96th District (southwest DuPage County, Naperville): Freshman Republican Darlene Senger won by just 641 votes in 2008, getting 48.8 percent of the vote in a three-way race. Naperville is evolving into a cosmopolitan suburb resembling Oak Park and Evanston, with lots of eateries and plenty of independent and liberal voters. But Democrat Dianne McGuire, the 2008 loser, unwisely ran for Naperville Township clerk in 2009 and got crushed -- undermining her credibility for a 2010 comeback. The outlook: Senger is a solid favorite.

53rd District (western Cook County and southern Lake County, parts of Buffalo Grove, Arlington Heights and Prospect Heights): Republican incumbent Sid Mathias, who was first elected in 1998, faced a "perfect storm" in 2008 -- a Democratic wave, a credible and well funded female foe, and a listless Republican base. Mathias is a former Buffalo Grove mayor with a liberal record on social issues. The district went for Obama, who got more than 60 percent of the vote, but Mathias eked out a 3,545-vote victory, getting 52.5 percent of the vote. The outlook: Expect Mathias to rebound to his usual 60 percent in 2010, but if the Democrats draw the map, Mathias will be a goner in 2012.

45th and 46th Districts (Northeast DuPage County: Glendale Heights, Carol Stream, Addison, Elmhurst, Wood Dale): Demographic change, especially Hispanic voter growth, has put incumbents Franco Coladipietro (R-45) and Dennis Reboletti (R-46) in grave danger; the former won by 1,874 votes (with 52.4 percent of the total) in 2008, and the latter by 964 votes (with 51.2 percent of the vote). In 2006, however, those districts went Republican by, respectively, 57.2 percent and 50.6 percent. Reboletti's district, with a large minority population, eventually will flip Democratic. The outlook: 2010 looks like a Republican "wave" year, boosting every Republican's vote by 5 to 10 percent. Both should win.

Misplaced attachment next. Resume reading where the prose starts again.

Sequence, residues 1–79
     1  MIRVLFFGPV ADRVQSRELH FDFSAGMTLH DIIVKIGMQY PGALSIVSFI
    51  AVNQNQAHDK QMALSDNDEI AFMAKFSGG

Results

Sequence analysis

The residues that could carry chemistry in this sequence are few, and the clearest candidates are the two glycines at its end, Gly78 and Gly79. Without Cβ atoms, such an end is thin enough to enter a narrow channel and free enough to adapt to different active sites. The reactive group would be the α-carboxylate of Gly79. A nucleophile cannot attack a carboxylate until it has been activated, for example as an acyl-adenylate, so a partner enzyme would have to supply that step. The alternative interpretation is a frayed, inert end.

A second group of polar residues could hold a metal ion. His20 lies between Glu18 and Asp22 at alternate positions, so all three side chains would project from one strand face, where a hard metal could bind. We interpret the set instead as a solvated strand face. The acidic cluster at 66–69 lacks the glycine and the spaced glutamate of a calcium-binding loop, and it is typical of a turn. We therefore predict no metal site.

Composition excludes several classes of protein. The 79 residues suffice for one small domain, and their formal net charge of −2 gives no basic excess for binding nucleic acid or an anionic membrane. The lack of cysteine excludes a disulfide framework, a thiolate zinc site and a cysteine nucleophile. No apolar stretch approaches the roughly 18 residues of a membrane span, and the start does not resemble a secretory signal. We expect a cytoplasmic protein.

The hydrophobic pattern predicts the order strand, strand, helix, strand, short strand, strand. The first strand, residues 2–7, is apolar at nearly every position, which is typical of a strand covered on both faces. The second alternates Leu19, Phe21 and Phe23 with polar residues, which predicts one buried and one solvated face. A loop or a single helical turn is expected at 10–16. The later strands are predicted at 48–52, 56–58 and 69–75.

65th District (Park Ridge, Des Plaines): Like Mathias, Republican Rosemary Mulligan faced excruciating pressure in 2008 yet managed to win by 3,594 votes, getting 54.6 percent of the vote. Mulligan's liberal record on social issues inoculated her against the Obama tide. First elected in 1992, Mulligan is running again in 2010, but she likely will retire in 2012. If the Democrats control the map, they will add part of Chicago's 41st Ward to her district. That would put Chicago Republican Mike McAuliffe (R-20) into a new area, where he would be vulnerable to a suburban Democrat. The outlook: Mulligan is safe.

69th District (Boone County and east Winnebago County; Belvidere): Incumbent Republican Ron Waite, who was first elected in 1994, won by 1,383 votes, with 51.8 percent of the vote in 2006, but he upped that to 5,218 votes (54.6 percent) in 2008 against the same opponent. The Democrats blew their chance. The outlook: Waite is secure.

61st District (northern Lake County, stretching from Zion to Fox Lake, including Lindenhurst, Antioch and Winthrop Harbor): This should be solid Republican turf, but Republican incumbent JoAnn Osmond won by 2,251 votes, with 52.3 percent of the vote in 2008, after being unopposed in 2006 and winning by 11,463 votes (63.1 percent of the total) in 2004. The outlook: Having survived 2008, Osmond is favored.